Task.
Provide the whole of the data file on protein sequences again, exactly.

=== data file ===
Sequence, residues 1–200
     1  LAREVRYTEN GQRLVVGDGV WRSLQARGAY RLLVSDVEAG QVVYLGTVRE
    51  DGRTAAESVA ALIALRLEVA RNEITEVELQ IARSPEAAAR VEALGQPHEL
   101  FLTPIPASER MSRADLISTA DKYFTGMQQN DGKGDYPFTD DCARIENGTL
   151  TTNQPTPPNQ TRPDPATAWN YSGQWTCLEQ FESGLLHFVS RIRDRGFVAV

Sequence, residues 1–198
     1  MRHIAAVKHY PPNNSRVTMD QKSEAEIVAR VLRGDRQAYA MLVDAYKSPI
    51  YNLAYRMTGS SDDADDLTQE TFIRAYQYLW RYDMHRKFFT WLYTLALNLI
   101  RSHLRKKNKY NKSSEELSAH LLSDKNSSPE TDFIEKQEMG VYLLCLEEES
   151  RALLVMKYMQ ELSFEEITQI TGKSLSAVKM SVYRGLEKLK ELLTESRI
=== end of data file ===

Sequence, residues 1–200
     1  LAREVRYTEN GQRLVVGDGV WRSLQARGAY RLLVSDVEAG QVVYLGTVRE
    51  DGRTAAESVA ALIALRLEVA RNEITEVELQ IARSPEAAAR VEALGQPHEL
   101  FLTPIPASER MSRADLISTA DKYFTGMQQN DGKGDYPFTD DCARIENGTL
   151  TTNQPTPPNQ TRPDPATAWN YSGQWTCLEQ FESGLLHFVS RIRDRGFVAV

Sequence, residues 1–198
     1  MRHIAAVKHY PPNNSRVTMD QKSEAEIVAR VLRGDRQAYA MLVDAYKSPI
    51  YNLAYRMTGS SDDADDLTQE TFIRAYQYLW RYDMHRKFFT WLYTLALNLI
   101  RSHLRKKNKY NKSSEELSAH LLSDKNSSPE TDFIEKQEMG VYLLCLEEES
   151  RALLVMKYMQ ELSFEEITQI TGKSLSAVKM SVYRGLEKLK ELLTESRI